Crowdfunding has shaken up the way people borrow and lend money. Aside from impacting the banking industry, the crowdfunding effect is also touching real estate. It’s now possible to invest in real estate through crowdfunding platforms or even raise enough money to cover the purchase of a home, though you’ll likely have to settle for just crowdfunding the downpayment because of legal rules. There are some things that you should be aware of, however, before deciding to move forward with using crowdfunding for your next home downpayment. Whenever making a large financial decision such as buying a house it can be a good idea to work with a financial advisor who can help build your wealth while helping you create the right financial plan for you.
Crowdfunding Your Mortgage
While crowdfunding a home mortgage downpayment sounds like a pretty sweet alternative to coming up with the money, there are some potential downsides. It’s important to understand the difficulty level of getting the money as well as what receiving the money this way could mean for your taxes. If you’re thinking that crowdfunding your way to homeownership is the way to go, here’s what to consider before launching your campaign.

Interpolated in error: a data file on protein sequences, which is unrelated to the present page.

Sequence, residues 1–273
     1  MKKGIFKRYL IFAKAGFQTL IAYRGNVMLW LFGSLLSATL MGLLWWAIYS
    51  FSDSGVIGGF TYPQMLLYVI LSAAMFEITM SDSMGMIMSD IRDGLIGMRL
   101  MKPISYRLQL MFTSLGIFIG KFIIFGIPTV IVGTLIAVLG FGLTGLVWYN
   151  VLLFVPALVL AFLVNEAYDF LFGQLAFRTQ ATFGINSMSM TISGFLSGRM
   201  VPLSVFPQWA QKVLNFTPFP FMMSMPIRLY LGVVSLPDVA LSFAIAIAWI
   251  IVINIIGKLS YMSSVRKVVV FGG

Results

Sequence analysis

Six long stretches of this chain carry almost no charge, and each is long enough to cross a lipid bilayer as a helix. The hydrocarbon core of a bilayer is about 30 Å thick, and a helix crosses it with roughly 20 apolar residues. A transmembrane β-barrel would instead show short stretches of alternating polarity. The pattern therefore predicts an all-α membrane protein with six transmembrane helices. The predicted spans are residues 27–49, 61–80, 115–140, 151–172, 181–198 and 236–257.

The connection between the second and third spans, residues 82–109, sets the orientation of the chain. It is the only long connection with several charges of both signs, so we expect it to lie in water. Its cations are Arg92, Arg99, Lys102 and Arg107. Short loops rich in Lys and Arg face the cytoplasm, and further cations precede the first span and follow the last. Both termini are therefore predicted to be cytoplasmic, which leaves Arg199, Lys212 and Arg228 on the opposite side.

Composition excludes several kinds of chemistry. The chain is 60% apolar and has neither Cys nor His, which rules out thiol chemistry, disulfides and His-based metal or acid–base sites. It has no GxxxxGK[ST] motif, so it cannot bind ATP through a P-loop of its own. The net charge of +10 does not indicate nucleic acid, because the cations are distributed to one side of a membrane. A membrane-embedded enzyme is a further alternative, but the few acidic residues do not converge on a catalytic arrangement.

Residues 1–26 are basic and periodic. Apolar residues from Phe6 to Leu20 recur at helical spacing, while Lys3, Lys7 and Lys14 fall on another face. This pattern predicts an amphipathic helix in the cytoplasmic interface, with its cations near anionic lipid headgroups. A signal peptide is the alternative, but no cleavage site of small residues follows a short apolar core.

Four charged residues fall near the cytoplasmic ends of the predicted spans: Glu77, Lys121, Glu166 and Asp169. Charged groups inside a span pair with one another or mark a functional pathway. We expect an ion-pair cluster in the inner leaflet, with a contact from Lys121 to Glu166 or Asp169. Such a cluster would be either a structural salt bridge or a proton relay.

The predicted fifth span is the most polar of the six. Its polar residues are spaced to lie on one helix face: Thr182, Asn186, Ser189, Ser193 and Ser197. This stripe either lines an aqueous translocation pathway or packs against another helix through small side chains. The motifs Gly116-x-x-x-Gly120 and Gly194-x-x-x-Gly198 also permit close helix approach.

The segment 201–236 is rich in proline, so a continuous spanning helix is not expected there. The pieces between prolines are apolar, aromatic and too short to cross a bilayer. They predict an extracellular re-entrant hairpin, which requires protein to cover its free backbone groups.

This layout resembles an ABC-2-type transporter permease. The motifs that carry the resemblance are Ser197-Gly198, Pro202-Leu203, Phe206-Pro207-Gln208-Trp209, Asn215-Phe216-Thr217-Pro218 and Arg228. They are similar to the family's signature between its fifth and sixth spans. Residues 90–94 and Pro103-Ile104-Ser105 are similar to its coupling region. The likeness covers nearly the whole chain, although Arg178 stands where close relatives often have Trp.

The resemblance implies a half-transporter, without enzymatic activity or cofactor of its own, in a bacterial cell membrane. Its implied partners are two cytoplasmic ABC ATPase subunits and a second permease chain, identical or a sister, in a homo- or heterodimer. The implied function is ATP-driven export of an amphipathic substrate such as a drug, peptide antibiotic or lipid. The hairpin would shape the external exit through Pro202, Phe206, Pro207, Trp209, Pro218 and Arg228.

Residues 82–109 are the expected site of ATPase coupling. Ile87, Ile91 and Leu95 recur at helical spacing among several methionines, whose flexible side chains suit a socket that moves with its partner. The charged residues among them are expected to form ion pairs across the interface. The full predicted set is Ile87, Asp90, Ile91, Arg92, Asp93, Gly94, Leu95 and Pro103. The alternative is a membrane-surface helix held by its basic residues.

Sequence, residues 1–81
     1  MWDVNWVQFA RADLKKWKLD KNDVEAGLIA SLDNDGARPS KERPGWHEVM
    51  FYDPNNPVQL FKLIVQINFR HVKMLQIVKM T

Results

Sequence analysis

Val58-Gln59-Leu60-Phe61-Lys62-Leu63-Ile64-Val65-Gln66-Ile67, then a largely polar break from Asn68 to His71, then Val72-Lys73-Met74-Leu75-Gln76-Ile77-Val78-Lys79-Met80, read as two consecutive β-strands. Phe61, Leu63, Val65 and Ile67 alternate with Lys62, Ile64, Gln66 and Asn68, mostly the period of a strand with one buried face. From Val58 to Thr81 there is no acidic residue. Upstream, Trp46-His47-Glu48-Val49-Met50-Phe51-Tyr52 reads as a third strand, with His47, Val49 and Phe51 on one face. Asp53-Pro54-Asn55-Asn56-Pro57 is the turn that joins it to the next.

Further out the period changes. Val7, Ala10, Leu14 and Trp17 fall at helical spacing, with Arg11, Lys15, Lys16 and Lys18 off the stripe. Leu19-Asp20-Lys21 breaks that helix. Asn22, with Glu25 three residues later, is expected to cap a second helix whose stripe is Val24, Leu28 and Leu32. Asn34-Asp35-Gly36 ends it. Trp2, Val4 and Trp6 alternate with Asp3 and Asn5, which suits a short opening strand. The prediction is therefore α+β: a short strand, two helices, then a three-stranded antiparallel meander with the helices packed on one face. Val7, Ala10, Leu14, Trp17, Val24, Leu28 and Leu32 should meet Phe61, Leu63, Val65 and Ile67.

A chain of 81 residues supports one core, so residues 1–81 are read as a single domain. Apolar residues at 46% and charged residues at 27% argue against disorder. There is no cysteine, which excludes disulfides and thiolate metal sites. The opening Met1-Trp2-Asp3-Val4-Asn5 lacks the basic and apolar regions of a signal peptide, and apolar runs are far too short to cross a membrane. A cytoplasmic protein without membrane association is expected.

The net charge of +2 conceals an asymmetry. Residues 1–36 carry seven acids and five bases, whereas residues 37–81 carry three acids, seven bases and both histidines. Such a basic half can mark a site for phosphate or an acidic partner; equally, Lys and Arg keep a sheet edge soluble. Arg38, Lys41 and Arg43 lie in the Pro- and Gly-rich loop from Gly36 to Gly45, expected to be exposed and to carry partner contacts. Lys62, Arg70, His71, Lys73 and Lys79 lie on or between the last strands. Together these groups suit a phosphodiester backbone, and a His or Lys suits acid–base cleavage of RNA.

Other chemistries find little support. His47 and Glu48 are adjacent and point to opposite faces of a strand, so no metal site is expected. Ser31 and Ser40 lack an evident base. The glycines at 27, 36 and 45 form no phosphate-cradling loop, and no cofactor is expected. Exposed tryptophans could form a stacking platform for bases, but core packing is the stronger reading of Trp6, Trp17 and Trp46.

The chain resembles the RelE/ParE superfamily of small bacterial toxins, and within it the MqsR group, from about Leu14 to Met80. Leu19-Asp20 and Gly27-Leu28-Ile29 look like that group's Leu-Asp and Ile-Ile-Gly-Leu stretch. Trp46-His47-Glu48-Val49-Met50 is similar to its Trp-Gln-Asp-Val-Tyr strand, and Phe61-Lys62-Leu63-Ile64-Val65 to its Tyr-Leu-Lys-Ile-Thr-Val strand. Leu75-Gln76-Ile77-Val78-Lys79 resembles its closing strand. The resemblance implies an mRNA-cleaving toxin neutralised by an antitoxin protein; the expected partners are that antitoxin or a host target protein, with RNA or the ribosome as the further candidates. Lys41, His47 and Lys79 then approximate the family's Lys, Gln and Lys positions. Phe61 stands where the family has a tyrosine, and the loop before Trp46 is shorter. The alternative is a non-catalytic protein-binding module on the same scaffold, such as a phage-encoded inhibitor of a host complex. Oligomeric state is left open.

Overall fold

1. Crowdfunding Can Be a Tough Sell
When you set up a crowdfunding campaign, you have to make a strong case for why people should hand over their money to you. There needs to be a compelling story that demonstrates why you’re a good candidate to have your down payment or mortgage crowdfunded in the first place.
If you’re asking for money just because you don’t want to have the burden of coming up with a downpayment for your mortgage, you may have a hard time getting support for your cause. The most successful crowdfunding campaigns either have a product people want or a compelling story that drives action. If you don’t have either of those then crowdfunding successfully might be a long shot.
2. Crowdfunding Is Still Subject to Gift Guidelines
Banks have rules about financial gifts when you’re buying a home and you need to make sure you’re following them if you’re trying to crowdfund your down payment costs. Generally, gifts have to come from someone who is close to you, such as a family member. Whether gifts made through a crowdfunding platform would be an acceptable source of funding will depend on your lender.
Assuming that the lender gives you the green light, you still need to have documentation for these gifts. This documentation typically takes the form of a letter. You may also need a copy of the gifter’s bank statement to show when the gift was made. If you’re getting lots of small donations from a large group of people, getting letters from each one might not be possible, so it’s important to keep accurate records every time someone contributes to your campaign.
If you’ve got a long lead time before you’re ready to buy a house, your best bet is to transfer any crowdfunded donations into a separate bank account and let it sit for a couple of months. Once the money’s been in your account for an extended period of time (say, 60 days or so), the funds would be considered seasoned. That means you wouldn’t need to provide any documentation explaining where the money came from if you wanted to apply it to your home purchase.